In the bottomless well of my ignorance

My inspiring, soulful blog friend Joyce Wycoff wrote  last month in a beautiful post titled, Love Letters to my life #8: The Joy of Being Unqualified, “I am grateful for my bottomless well of ignorance which gives me such splendid opportunities to learn.”

How divinely inspiring. To be grateful for my bottomless well of ignorance. How freeing.

In that bottomless well there are so many questions unasked, unanswered, unknown. So many questions that do not need answers, just the exploration. There are so many ideas to explore and so much learning to grow through the exploration without any need of finding the end of the thread that lead me down the path of discovery into the waters of life unlived.

I am trying on her words this morning. Wearing them like a veil of possibiity. Like a good luck charm.

Think about it.

No matter how many years add up to our limited time on earth, no matter how much wealth we have or have not accumulated, how many cars sit in our garage or how many designer handbags line our closet shelves, we all share this infinite capacity to learn, grow, evolve. We all experience this bottomless well of ignorance that can never be filled — not because we can’t fill it, but rather, because this big, beautiful, crazy, messed up world is full of things we cannot know, cannot fathom. We are alive in a universe of infinite proportions and we, mere humans, cannot divine all there is to fathom of the beauty and magnificence of this world before the adding up of our days expires into dust. How exciting!

I needed Joyce’s words this morning. Needed their sense of infinite possibility.

I opened my work email before coming to this page this morning. (I know. I know. What on earth was I thinking?) I opened my email and found a couple of items that need my attention and for a moment, in all their clamouring for answers I do not have, I felt frustration rise, confusion descend. Momentarily mired in that space of… how on earth do I respond to this?… I lost sight of my bottomless well of ignorance.

And then, I had the wonderful good fortune of going to read Joyce’s words, and I smiled, my heart opened up, the tension that had started to build in my shoulders at the thought I did not have readily available answers, eased.

No matter how many days I have tucked under my belt, which seems to be ever expanding with time’s girth, I don’t have to have ‘the answers’. I just have to be willing to experience the journey of exploring what I do not know. I just need to be willing to dive deep into the bottomless well of my ignorance to explore what is possible when I don’t assume it is answers I’m searching for, it’s the experience.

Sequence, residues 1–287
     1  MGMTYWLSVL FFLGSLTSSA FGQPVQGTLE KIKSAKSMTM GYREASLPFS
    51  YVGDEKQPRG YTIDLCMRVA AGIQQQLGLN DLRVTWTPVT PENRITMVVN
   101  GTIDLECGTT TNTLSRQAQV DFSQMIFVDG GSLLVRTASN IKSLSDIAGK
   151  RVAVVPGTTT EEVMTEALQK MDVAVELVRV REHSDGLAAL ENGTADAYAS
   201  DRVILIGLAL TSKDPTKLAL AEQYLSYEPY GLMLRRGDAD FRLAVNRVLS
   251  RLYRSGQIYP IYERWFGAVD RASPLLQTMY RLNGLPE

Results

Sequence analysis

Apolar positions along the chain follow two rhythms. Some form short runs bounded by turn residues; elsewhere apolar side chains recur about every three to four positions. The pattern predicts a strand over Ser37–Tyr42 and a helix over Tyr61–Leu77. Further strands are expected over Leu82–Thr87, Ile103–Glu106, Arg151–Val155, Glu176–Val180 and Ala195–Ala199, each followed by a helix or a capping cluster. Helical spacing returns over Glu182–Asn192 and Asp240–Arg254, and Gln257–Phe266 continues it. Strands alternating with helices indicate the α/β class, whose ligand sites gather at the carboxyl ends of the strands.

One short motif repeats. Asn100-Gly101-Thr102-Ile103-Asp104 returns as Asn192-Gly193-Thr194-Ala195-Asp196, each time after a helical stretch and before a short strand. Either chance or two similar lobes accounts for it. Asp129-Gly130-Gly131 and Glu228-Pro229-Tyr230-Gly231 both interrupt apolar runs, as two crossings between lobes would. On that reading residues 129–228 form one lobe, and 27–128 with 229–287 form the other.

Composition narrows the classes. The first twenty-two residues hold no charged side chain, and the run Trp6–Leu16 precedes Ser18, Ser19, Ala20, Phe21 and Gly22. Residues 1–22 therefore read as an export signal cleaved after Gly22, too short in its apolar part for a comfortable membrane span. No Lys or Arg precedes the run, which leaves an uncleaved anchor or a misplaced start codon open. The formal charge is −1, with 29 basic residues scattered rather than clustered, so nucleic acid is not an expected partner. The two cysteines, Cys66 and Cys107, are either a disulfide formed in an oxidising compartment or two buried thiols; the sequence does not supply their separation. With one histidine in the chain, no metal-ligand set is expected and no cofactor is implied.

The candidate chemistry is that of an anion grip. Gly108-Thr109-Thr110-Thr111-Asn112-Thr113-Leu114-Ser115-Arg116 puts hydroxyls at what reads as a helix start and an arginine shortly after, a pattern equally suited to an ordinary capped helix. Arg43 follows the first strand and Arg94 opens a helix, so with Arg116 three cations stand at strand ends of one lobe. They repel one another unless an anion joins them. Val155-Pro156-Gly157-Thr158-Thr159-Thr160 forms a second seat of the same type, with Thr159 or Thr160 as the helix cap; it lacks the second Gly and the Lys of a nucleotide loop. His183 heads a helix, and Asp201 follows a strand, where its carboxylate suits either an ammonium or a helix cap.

In that space of unknown questions infinitely lurking behind ready to pick off the shelf answers, I choose to heed the invitation to stay open to the infinity of the unknown, letting my curiosity pull me into exploring the possibility that clarity will embrace me when I stop fighting the confusion of not knowing. Reveling in not having answers, I take this journey, fully unqualified, savouring my lack of travelling finesse.  How divine.

I am grateful this morning for my bottomless well of ignorance. That beautiful, dark, secret-filled place where I am free to dive deeply into what lies beneath the surface of living life intentionally doing what I am supposed to do. Letting go of ‘supposed to’ or should, I untether my spirit and soar into the depths of my heart beating wildly in time to the rhythms of what cannot be divined in the light of day and can only be discovered when I let go of swimming with my feet firmly planted on the ground.


Thank you Joyce for reminding me to be grateful for all there is to discover when I let go of having to know the answers!


6 thoughts on “In the bottomless well of my ignorance

  1. The least used and most appropriate answer to so many questions we are asked is: I don’t know, but I’ll find out. If we had all the answers we would be like a Google-machine, ‘point-click-result’. People who don’t know, people who have a need, people who are uncertain seek answers – and they come to their ‘guru’. Might be you, might be me, might be the person we go to when we are stumped for an answer or for understanding. We work it through. Dialogue is usually key – asking them questions is often where we find it because the questions people ask most are not the questions which produce the answers they need. We are all a problem in search of a solution. And some days we all feel like idiots in search of our village …

    But, most days, we thoughtfully ask+answer, probe+probe some more – and if we keep digging through all the horshe-shite we’ll find there is a pony in there somewhere …


    p.s. write first, check email after … very important rule

    Liked by 1 person

    • haha! Good rule Mark! 🙂

      Probing is important. Even ponies can’t survive under the horshe-shite! 🙂 (not exactly sure what that means but it’s making me smile so I’m going to live with it as my answer! 🙂 )


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